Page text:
‘First of its kind’: Swedish hydrogen gas storage facility up and running

A pilot facility for the storage of fossil-free hydrogen gas, described as the first of its kind in the world, is now in operation in Luleå, Sweden.

HYBRIT pilot facility. Courtesy of Vattenfall/Photo by Åsa Bäcklin
HYBRIT pilot facility. Courtesy of Vattenfall/Photo by Åsa Bäcklin

The HYBRIT pilot facility is owned by a Swedish trio comprising of state-owned power company Vattenfall, iron ore producer LKAB and steel company SSAB.

It is expected to play a very important role in the overall value chain for fossil-free iron and steel production.

The technology for the storage of gas in an underground lined rock cavern (LRC) involves the cavern walls being lined with a sealing layer. LRCs have been thoroughly tested with natural gas, but the pilot facility in Luleå is the first in the world to test the technology with repeated filling and emptying of hydrogen gas.

The pilot facility’s size is 100 cubic metres, and at a later stage, it may be necessary to keep 100,000 to 120,000 cubic metres of pressurised hydrogen gas in full-scale storage. This means that up to 100 GWh of electricity can be stored in the form of hydrogen gas, which is enough to supply a full-size sponge iron factory for about three to four days.

The HYBRIT facility was inaugurated in June when initial pressure tests were conducted with water, which confirmed the facility’s mechanical stability, tightness and pressure capacity.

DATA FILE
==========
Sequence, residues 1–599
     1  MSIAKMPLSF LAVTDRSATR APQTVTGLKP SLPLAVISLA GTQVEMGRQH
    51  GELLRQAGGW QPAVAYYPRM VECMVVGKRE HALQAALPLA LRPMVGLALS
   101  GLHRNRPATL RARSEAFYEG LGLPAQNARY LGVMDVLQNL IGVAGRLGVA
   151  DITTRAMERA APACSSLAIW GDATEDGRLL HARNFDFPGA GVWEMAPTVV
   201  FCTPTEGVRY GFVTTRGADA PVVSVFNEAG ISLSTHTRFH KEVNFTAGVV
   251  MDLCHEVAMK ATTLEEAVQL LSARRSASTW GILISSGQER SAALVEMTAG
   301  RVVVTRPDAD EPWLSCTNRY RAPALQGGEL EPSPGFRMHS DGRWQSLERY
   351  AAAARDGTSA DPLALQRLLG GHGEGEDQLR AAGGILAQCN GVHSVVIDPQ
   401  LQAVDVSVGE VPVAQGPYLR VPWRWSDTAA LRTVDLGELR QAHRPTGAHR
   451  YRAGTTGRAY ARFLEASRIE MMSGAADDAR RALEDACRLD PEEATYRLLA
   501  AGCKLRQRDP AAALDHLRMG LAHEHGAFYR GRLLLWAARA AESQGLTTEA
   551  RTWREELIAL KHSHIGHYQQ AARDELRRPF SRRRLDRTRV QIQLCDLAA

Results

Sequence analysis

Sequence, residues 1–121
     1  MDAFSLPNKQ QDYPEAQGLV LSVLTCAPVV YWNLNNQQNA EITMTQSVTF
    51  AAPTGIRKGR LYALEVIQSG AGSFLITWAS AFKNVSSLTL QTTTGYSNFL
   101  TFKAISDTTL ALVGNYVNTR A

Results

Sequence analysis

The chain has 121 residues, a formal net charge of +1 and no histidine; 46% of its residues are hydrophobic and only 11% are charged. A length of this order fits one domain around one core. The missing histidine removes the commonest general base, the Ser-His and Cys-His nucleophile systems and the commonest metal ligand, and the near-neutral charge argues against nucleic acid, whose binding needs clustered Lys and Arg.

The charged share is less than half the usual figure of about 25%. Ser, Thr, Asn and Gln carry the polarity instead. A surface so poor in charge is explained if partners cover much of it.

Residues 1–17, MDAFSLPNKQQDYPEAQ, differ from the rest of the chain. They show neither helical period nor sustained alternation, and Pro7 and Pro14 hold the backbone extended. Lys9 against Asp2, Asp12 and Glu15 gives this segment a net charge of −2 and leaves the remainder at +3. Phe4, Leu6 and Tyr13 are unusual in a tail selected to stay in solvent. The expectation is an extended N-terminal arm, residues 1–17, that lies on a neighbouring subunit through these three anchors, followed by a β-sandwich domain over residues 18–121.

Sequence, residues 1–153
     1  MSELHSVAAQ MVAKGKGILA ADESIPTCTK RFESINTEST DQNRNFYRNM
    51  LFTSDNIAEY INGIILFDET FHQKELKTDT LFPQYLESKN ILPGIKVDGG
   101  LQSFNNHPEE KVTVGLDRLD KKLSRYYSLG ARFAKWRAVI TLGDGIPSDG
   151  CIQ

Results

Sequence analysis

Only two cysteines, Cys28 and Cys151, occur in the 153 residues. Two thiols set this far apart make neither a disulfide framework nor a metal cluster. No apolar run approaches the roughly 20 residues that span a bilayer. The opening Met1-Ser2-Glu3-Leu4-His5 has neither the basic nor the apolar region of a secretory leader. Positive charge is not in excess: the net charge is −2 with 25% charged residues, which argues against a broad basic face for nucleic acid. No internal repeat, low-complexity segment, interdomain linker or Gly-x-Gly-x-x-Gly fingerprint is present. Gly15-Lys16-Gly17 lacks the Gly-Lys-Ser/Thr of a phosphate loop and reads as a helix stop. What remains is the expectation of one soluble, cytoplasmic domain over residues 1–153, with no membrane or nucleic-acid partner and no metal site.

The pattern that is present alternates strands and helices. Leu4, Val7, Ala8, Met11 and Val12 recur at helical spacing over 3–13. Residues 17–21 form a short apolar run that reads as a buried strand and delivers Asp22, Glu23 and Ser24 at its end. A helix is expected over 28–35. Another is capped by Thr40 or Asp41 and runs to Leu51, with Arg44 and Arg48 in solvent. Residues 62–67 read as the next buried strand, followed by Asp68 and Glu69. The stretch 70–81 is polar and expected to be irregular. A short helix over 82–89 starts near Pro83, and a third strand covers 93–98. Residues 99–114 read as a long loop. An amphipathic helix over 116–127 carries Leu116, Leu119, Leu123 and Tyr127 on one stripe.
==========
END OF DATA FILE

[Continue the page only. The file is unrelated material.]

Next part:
The storage facility was then filled with hydrogen gas and even reached the maximum operating pressure of 250 bar, the partners said.

Now, the two-year test period will start and continue until 2024.

“The fact that this technology is now working is great news and is an important milestone in the development of a fossil-free value chain for ore-based iron and steel production. The use of large-scale hydrogen storage means that the industry will have a more robust and plannable supply of hydrogen from fossil-free electricity, even when the electricity system becomes more dependent on the weather. This enables us to make very efficient use of our fossil-free wind power production and store the hydrogen when the weather is very windy”, explains Mikael Nordlander, director of Industry Decarbonisation at Vattenfall.

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“It is very positive for us that the hydrogen gas storage pilot facility is up and running and that the technology has worked as it should up to now. That’s another important milestone. Now we will bring the plan to completion with test campaigns and collect important data and knowledge to make a full-scale facility possible”, says Martin Pei, CTO at SSAB.

Lars Ydreskog, director of Strategic Projects at LKAB, added that in just four years, HYBRIT technology will be used for the production of fossil-free sponge iron on a large scale at a first demonstration facility in Gällivare.